2.2 Testing a Number's Validity

NN 3, IE 4

2.2.1 Problem

You want to be sure a value is a number before performing a math operation on it.

2.2.2 Solution

If the value you're testing can come from any kind of source, the safest bet is to use the typeof operator on the value. Applying this operator to any numeric value evaluates to the string number. Therefore, using it in a conditional expression looks like this:

if (typeof someVal =  = "number") {
    // OK, operate on the value numerically

But some JavaScript methods, such as parseInt( ) and parseFloat( ), return a special value, NaN ("not a number"), signifying that they were unable to derive the number you desired. Operations expecting numeric operands or arguments that encounter values evaluating to NaN also generally return NaN. To test for this condition, use the isNaN( ) method, which returns true if the value is not a number. For example:

var myVal = parseInt(document.myForm.myAge.value);
if (isNaN(myVal)) {
    alert("Please check the Age text box entry.");
} else {
    // OK, operate on the value numerically

2.2.3 Discussion

Don't get the wrong impression about the isNaN( ) method from the second example just shown. It is not a suitable approach to validating numeric input to a text box. That's because the parseInt( ) or parseFloat( ) methods return the first numbers (if any) they encounter in the string value passed as an argument. If someone enters 32G into a text box intended for an age, the parseInt( ) method pulls off the 32 portion, but the full value of the text box is not valid for your database that expects a strictly numeric value for that field. See Recipe 8.2 for more robust ways of validating numeric text entries.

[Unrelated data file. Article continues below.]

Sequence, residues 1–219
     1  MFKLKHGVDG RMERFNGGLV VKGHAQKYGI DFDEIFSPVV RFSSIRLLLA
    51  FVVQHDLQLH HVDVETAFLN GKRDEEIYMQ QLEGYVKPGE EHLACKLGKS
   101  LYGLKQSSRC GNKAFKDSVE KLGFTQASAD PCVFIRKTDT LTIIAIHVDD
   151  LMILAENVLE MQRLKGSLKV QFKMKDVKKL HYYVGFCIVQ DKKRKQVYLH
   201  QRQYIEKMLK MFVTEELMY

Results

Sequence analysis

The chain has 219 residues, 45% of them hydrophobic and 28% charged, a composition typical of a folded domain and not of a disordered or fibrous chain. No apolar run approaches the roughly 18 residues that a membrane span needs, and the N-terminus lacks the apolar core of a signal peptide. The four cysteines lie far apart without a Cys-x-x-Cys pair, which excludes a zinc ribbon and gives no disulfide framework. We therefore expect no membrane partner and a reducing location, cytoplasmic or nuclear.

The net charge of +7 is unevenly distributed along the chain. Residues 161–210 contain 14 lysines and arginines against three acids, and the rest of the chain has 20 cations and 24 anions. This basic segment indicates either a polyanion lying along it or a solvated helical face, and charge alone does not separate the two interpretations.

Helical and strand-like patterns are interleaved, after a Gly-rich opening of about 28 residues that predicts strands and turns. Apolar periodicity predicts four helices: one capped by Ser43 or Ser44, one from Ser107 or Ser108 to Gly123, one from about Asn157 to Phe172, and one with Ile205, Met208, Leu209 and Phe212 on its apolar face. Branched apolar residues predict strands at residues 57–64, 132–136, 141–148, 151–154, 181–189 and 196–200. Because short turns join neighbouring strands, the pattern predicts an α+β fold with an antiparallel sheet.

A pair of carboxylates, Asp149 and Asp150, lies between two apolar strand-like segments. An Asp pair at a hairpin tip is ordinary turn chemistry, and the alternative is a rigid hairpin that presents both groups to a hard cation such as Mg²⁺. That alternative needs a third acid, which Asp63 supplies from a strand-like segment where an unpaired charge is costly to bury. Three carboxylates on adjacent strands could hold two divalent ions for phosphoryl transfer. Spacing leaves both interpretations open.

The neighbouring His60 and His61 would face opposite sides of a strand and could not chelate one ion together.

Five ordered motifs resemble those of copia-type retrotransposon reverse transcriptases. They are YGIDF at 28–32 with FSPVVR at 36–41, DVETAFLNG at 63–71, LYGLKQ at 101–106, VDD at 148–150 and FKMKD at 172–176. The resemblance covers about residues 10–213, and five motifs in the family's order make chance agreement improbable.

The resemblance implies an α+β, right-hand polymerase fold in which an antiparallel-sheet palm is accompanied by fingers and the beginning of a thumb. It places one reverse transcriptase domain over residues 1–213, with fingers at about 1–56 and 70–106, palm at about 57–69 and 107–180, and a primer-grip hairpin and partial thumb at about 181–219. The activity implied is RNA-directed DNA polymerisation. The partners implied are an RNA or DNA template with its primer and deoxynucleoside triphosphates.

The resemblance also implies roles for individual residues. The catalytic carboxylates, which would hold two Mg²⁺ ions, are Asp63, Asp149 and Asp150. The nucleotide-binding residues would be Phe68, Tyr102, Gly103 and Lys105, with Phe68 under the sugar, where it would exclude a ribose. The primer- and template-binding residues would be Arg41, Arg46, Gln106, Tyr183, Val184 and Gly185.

You don't have to perform validity testing on absolutely every value about to undergo a math operation. Most values in your scripts tend to be under strict control of the programmer, allowing data-typing kinks to be worked out before the script is put into production. You need to exercise care, however, whenever user input enters the equation.

Look to the NaN value as a debugging aid. If some calculation is failing, use alert dialog boxes to show the values of the operands and components. Any value that reports itself to be NaN means that it has problems at its source that need fixing before your calculation can even get started.

As a point of trivia, the NaN value is, believe it or not, a number data type, and is also a property of the static Number object.

2.2.4 See Also

Recipe 8.2 for numeric data entry validation in a form.